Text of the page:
For the 2022 season, the Lincolnshire Coast Light Railway needs a third passenger vehicle so
it can run three-coach trains to cope with growing passenger demand.
The limited platform length at Walls Lane Station means that a short coach is required and the only one of the railway’s unrestored coaches that fits the bill is the Nocton shooting coach, referred to as the ‘Queen
It is now being restored, without windows, to provide a semi-open-air coach for the LCLR train service.
Volunteer Jim Smith explains that the coach was built on the Nocton Estate Light Railway in
1926 or 1927 to transport shooting parties on the estate – where much of the LCLR’s stock came from. The name Queen Mary came from the estate workers, as the coach was for the owner and friends only. The LCLR Simplex loco ‘Paul’ was used to take the shooting party in the Queen Mary coach out onto the estate with an ex-Second World War ambulance van for the beaters, dogs and the shot game. It was also used to transport the Narrow Gauge Railway Society on their visit to the line in 1955, when the idea of establishing the Lincolnshire Coast Light Railway at Humberston was first discussed.
The coach originally had sliding doors at each end and is reported to have either had six office-type chairs (shaped plywood seat and back on a metal frame) for the users to sit on, or 10 leather chairs. Stewart Squires, in The Lincolnshire Potato Railways, says: “There were comfortable individual seats, each with a
rack for drinks, and a gun rack for the use of the estate shooting parties. It was usually coupled to a box van fitted with game racks. There were two rules, the first that the train would leave the estate yard at precisely 9am on shooting days and that there was to be no firing from the windows.” Based on rule two, it was clearly intended that the coach would get the shooters close to the shoot location, but that they would need to disembark and walk to the actual shoot site.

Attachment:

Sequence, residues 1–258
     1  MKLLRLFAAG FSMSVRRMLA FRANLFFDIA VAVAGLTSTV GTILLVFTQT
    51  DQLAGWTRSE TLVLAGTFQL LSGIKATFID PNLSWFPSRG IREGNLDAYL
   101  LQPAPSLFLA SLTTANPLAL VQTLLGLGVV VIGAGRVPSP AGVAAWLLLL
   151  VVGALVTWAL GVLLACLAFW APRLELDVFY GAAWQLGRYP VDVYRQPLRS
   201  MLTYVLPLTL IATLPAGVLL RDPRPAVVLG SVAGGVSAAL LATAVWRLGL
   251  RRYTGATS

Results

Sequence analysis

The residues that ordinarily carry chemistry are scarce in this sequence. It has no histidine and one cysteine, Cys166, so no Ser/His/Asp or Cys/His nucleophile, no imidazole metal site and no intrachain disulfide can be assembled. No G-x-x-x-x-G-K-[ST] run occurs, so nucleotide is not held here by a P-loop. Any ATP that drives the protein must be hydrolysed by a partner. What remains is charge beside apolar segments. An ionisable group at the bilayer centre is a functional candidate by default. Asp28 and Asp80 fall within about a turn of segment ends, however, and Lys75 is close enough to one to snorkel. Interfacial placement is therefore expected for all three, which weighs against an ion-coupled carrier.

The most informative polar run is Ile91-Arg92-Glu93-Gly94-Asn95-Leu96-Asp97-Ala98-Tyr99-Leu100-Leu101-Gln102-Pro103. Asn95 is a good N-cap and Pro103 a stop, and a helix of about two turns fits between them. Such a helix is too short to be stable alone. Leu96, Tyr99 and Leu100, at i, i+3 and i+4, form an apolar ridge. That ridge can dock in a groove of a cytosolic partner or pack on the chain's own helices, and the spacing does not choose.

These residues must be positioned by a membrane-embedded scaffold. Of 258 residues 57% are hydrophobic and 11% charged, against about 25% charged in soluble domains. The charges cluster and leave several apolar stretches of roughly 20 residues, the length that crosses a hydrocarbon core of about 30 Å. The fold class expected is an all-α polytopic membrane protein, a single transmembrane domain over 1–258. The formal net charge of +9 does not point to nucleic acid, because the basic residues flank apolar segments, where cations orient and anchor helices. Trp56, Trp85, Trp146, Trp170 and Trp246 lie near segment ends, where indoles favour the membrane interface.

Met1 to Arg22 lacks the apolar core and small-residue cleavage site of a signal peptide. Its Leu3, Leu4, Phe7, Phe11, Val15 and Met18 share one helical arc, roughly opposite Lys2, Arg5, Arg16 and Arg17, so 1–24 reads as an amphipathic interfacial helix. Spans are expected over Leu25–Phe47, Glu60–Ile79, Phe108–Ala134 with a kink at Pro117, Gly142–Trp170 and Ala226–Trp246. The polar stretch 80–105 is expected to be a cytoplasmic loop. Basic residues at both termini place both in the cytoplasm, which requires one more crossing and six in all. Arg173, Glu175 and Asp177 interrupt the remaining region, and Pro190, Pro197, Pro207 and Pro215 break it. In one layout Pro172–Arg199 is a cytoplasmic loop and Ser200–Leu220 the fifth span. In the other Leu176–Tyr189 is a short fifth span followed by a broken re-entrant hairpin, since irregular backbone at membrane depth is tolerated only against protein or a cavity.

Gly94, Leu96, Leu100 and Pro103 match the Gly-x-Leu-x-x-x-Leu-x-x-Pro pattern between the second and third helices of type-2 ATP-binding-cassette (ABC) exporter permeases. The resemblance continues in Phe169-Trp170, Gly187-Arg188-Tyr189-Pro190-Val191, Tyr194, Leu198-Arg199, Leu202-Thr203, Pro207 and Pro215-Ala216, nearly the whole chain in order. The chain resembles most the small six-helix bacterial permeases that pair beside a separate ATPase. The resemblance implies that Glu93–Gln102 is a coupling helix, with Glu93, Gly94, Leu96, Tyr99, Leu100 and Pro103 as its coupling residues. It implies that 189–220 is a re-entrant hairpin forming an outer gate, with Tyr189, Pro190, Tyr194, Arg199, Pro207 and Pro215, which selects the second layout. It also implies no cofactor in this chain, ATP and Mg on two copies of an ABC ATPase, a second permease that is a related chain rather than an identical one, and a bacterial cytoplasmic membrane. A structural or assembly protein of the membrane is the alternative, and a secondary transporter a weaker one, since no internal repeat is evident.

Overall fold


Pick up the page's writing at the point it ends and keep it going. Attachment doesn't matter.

The coach was built onto a steel-framed War Department Light Railway Class D bogie wagon. After the Nocton line closed around 1969 it was used as a taxi office in a garage in Boston, which preserved the wooden body. It was presented to the LCLR at Humberston but has never been used to carry passengers. When it moved to Humberston, it was in blue livery with white window frames.
Eddie Draper, LCLR company shareholder, former volunteer and director, remembers its arrival. He said: “When it arrived in the winter of 1978-79, both ends had a sliding door and there were no openings in the sides. This was entirely inappropriate for our use, so I set to and cut a single window and body side section out on what was then the platform side, and I think someone else blocked one or more ends.”
Mick Allen, one of the longest-standing volunteers, recalls it arriving in a very dilapidated state. Some of the underframe had been cut away to allow it to sit on the ground without bogies. Eddie repaired the underframe, replacing the main cross member and truss rods. The conversion to a LCLR passenger vehicle at Humberston was never completed and it was used instead as a stores van.
When Humberston closed, it was stored at Burgh le Marsh, along with much of the rest of the railway. At some point (probably at Burgh le Marsh) the late Bill Woolhouse, one of the LCLR’s founders and directors, and Astling Evison, an LCLR director who helped rebuild the line on its present site, recovered the roof and re-clad the sides with thin match board. It was also painted green and cream at this time, its Nocton livery having been dark blue with white window frames.
The panel and window frame which Eddie had removed were subsequently reinstated by Bill Woolhouse at the Skegness Water Leisure Park. Since then the coach has been stored safe and under cover but until recently no work has been done on it. It has seen occasional outings on the railway on special demonstration trains alongside other ex-Nocton locos and rolling stock at annual galas.
Mick Allen has been involved in the current restoration of the Nocton coach and is hopeful that the restoration will be completed in time for the coming season. When the job was started, it was found that most of the bottom bodywork framing was rotten and has all had to be replaced, as has some of the body side framing. This is almost complete, and once the new correct thickness side cladding is in place it will start to look more like a coach again. A complete new floor has been made off site and is ready for fitting. A
new side door and a full set of seating are also complete and ready to fit. The ‘bogie men’ have been busy doing their stuff working on a refurbished air braked and an un-braked bogie for the vehicle so hopefully it will all come together this spring.
To find about more about the LCLR, click here. With thanks to the photographers, the LCLR, and the Skegness Water Leisure Park for this article.
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